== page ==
Food & Drink Expo

Inspiration was everywhere at the NEC this week as the Food & Drink Expo, Farm Shop & Deli Show, National Convenience Show, Foodex and the ACS Summit set up shop in the exhibition centre. So what are the latest product trends making their way into the market? Here are the freshest ideas independent retailers should have on their radars.

  • Craft is king when it comes to booze right now and no spirit is more hip than gin. Connoisseurs of the tipple were spoiled for choice at the shows, but purists may have been disappointed to find many of those on display were of the flavoured variety. Pinkster, for example, is an artisan gin infused with raspberry, while Two Birds offered a modern twist with a punchier Cocktail Gin. In vodka, things got even sweeter as Two Birds unveiled a Salted Caramel Vodka – though this paled in comparison to V Gallery’s Marshmallow Vodka. The purists may be appalled but there’s no doubt this would be great in a cocktail.
  • Brits like to get saucy. Calm down, we’re talking chutneys, not hanky panky. One could barely turn a corner at Food & Drink Expo without running into another condiment, from The Foraging Fox’s hot beetroot ketchup to Rubies in the Rubble, which rescues unwanted or ugly fruit & veg for its goodies. Brands might find growth difficult to find for bog-standard ketchups, but for those doing something more innovative things could get even saucier this year.
  • The line between soft drinks and bottled water is blurring. As the war on sugar erodes sugary soft drink sales, producers are looking for pure and innovative ways to add some pep, promote themselves as healthy and deliver the sweet kick consumers have grown used to. While the big boys play with stevia, the smaller players are seeking alternative sweetening agents. Honey is the sweetener of choice for Just Bee, while the feminine Rose Diamond chooses the extract of freshly picked roses. That’s pretty sweet.
  • When a customer enters a local store they can pick up a latte, buy a fresh doughnut and shop for their groceries – but are they having fun? During the ACS Summit Ideas Wall, commercial director Paul Chamberlain pointed out how entertaining shoppers with small design touches leads to better engagement. For example, Roli Ranger has a Londis corner shop so aesthetically pleasing it would make a Shoreditch organic espresso bar jealous. Among the exposed brick in the Ascot Sunninghill store, there are even lampshades made out of bowler hats. This touch highlights the community race day traditions just as much as it makes customers crack a smile. But it doesn’t take a £70k refit to play along: Spar Chellow Heights retailer Rocky Leach is all over store monkey business with a cheerful sign that says his bananas are cheap as chimps.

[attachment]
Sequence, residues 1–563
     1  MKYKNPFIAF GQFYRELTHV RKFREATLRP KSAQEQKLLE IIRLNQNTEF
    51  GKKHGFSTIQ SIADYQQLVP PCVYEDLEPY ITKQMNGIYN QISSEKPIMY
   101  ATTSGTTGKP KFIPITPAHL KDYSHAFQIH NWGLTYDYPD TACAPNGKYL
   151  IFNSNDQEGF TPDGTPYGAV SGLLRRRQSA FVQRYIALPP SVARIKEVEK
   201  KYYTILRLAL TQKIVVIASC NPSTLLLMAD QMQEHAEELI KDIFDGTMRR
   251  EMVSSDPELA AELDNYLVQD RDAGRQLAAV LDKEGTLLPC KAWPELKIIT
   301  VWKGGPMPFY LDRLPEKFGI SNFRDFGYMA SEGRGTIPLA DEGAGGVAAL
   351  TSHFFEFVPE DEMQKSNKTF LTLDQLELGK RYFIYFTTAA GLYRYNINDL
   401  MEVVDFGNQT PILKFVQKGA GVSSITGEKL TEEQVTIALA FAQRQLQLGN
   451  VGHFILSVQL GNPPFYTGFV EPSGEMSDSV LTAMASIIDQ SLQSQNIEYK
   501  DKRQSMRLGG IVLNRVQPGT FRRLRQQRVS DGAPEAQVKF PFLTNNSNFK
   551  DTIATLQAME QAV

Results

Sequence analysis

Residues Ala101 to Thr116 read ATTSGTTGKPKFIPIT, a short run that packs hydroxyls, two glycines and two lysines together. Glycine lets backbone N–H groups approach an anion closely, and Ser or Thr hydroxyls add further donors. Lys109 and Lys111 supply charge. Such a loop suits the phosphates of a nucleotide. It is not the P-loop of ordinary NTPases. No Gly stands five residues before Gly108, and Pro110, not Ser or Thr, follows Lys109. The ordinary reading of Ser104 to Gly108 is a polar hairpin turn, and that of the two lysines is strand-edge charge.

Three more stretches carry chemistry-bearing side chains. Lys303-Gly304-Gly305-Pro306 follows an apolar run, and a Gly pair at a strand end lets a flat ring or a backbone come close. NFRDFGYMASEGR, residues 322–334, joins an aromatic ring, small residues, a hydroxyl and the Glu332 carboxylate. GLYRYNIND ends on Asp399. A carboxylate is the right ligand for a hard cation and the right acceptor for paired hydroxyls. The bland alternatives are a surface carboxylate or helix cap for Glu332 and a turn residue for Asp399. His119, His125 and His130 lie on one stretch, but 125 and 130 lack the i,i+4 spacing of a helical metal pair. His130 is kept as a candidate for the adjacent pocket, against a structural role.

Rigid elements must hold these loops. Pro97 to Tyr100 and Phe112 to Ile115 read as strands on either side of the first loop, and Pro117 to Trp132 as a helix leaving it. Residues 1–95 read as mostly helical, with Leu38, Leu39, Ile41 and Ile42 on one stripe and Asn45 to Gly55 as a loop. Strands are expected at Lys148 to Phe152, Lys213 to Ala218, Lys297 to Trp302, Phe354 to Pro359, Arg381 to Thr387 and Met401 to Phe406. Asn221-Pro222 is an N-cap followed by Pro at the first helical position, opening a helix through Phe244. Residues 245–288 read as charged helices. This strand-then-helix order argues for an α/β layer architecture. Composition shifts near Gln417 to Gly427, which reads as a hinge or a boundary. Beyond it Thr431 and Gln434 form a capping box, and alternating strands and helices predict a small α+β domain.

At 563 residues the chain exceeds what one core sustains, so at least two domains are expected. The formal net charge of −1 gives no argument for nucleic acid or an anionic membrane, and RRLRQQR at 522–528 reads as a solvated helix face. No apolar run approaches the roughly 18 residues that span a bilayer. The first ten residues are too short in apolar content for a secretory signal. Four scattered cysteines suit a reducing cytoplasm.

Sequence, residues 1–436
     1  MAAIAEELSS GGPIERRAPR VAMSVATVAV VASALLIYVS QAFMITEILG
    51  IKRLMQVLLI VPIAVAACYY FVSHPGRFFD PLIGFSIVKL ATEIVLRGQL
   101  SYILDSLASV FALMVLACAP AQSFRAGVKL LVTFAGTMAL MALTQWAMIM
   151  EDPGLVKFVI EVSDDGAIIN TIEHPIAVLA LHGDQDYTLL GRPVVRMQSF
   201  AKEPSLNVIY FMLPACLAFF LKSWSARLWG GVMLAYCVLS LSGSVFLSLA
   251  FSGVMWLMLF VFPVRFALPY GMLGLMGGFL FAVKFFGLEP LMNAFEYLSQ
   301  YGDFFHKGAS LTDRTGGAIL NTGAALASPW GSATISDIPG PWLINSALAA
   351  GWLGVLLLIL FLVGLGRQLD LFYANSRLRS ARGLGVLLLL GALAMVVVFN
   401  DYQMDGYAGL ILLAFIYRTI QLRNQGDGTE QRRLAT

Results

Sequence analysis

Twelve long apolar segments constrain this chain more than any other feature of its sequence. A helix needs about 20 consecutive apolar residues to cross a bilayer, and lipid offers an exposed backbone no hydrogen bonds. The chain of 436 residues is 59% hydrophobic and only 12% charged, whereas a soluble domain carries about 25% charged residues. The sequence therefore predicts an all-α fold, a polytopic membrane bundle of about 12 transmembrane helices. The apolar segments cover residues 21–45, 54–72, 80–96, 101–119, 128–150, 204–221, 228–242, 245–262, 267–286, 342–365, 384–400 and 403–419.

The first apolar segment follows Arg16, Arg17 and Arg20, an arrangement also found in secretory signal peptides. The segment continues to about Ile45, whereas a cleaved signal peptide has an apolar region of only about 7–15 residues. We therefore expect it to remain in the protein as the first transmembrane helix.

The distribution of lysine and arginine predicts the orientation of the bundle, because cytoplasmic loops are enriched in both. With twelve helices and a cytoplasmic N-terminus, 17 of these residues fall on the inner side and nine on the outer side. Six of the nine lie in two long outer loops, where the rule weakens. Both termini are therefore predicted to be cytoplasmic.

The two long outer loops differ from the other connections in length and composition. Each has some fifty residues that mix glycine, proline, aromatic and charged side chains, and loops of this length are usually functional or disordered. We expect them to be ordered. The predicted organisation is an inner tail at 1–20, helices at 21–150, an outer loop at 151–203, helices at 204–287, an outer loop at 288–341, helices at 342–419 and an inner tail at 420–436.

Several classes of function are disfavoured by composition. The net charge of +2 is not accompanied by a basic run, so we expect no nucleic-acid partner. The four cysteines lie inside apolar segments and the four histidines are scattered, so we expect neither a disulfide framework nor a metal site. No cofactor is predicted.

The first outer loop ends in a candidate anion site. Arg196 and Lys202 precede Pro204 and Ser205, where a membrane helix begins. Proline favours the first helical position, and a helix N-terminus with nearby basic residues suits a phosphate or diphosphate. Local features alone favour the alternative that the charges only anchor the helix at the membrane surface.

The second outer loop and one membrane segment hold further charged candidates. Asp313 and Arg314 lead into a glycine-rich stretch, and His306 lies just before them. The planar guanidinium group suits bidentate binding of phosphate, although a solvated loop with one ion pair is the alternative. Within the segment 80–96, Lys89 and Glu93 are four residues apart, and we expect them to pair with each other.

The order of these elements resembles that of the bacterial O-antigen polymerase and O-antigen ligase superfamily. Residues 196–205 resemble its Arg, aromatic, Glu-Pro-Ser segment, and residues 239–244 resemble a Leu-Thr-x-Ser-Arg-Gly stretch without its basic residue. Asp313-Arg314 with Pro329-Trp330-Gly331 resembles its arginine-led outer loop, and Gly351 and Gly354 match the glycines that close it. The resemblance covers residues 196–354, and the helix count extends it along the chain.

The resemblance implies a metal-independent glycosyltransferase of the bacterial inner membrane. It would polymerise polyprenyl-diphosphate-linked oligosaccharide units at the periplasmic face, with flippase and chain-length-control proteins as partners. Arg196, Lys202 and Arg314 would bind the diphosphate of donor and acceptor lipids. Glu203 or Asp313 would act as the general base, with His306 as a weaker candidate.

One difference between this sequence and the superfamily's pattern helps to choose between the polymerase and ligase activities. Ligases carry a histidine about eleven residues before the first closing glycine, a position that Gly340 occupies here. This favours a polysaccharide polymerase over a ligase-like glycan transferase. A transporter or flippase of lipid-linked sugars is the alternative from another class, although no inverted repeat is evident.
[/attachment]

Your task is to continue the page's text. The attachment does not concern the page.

• Great British Bake Off winner Nadiya Hussain is furious with convenience retailers. That’s right, during the National Convenience Show the mum from Luton claimed c-stores almost never stocked her two baking essentials – greaseproof paper and unsalted butter. It is just as important to cater to the baking purists as those partial to a pre-mixed cake box and glittery sprinkles, she says. It is set to be another year of cake-making madness when Bake Off returns to screens again this summer: don’t be the retailer who lets Nadiya down.
  • Are security guards the accidental unfriendly face of your business? Often the stern figure at the door is the first and last impression a customer has of their shopping experience, and My Local CEO Mike Greene is not a fan. “They’re miserable as sin and menacing. They don’t really help security and they probably scare more shoppers off,” he says. “It’s often better to have another service assistant or member of your team on the door than it is to have someone on security.” To cheer up the remaining mandatory security guards at My Local, Greene makes sure they feel part of the team and trains them to become professional greeters.